White eggs vs brown eggs
Contrary to the thinking that brown eggs are healthier than white eggs except for the price its only the color that is different and no other difference between the brown and white egg. Brown eggs are costlier than white eggs.
The color of the chicken does play a role, but it is the color of the earlobe and not the feather that determines the shell color. White or light-colored lobes indicate white eggs and chickens with red lobes produce brown eggs. One exception to this is Araucanas and Bantams which lay green/blue eggs and have no visible earlobes.
The hue of the egg does not indicate the quality of the egg. Brown eggs are not more healthy than white eggs and vice versa. Large whole eggs have 70 calories, 4 to 5 grams of fat, 6 grams of protein, and about 185 milligrams of cholesterol. Vitamin and omega-3 content can vary with the hens’ diet. Of the eggs we tested, those from hens fed vegetarian diets tended to have more of certain vitamins and omega-3s than those from hens fed a conventional diet. Nature’s Yoke Omega 3 eggs listed the most omega-3s, 225 milligrams; a typical large egg has about 30 milligrams. It was the same in both types of eggs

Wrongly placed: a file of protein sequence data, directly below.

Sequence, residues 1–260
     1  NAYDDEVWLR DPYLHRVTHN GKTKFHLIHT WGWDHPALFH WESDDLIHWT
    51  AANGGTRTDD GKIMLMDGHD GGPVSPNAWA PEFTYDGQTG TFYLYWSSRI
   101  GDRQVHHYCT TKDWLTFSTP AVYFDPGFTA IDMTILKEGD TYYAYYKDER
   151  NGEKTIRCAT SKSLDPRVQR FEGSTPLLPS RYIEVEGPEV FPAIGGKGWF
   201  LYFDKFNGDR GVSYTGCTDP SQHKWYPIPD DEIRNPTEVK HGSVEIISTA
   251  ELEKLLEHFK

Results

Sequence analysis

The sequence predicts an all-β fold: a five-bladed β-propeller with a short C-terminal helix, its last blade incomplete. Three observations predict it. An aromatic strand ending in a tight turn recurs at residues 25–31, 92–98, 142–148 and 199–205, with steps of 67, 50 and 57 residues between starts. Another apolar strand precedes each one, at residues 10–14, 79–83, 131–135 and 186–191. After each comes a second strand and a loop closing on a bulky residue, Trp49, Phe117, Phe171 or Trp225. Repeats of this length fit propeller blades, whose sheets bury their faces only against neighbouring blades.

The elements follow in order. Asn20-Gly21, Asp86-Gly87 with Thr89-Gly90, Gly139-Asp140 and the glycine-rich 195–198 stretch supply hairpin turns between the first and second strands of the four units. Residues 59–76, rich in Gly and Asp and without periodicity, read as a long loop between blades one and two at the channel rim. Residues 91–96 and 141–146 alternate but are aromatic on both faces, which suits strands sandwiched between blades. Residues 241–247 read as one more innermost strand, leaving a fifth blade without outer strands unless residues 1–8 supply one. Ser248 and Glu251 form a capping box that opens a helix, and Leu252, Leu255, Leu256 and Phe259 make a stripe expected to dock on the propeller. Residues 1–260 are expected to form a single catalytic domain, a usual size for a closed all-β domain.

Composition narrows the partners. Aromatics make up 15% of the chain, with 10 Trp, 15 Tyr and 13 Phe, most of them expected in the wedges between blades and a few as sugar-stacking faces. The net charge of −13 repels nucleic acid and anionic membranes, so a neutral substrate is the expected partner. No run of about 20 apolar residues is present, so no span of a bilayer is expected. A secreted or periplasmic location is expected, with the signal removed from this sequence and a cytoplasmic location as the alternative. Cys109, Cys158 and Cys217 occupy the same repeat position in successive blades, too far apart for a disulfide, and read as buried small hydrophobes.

Chances are that brown eggs owe their superior health reputation to their inflated price tag. But brown eggs cost more than white eggs simply because they cost more to produce. Brown chickens are larger than their white cousins, so they eat more food, which in turn costs farmers more. And that extra cost to rear them is collected from the consumers
White eggs have the same shell thickness as brown eggs. Eggshell toughness can be dependent on the age of the chicken. Older chickens will lay eggs that have thin shells, while younger ones will lay eggs with thicker shells.
Regardless of shell color, size or even grade, the most important thing about eggs is that they can and should be part of a healthy diet. Eggs contain the highest biological value for protein. One egg has only 75 calories but 7 grams of high-quality protein, 5 grams of fat and 1.6 grams of saturated fat, along with iron, vitamins, minerals, and carotenoids. And it’s important to eat the yolk because the essential fatty acids vitamins A, E, D, and K, as well as most of the calcium, iron and folate are found there.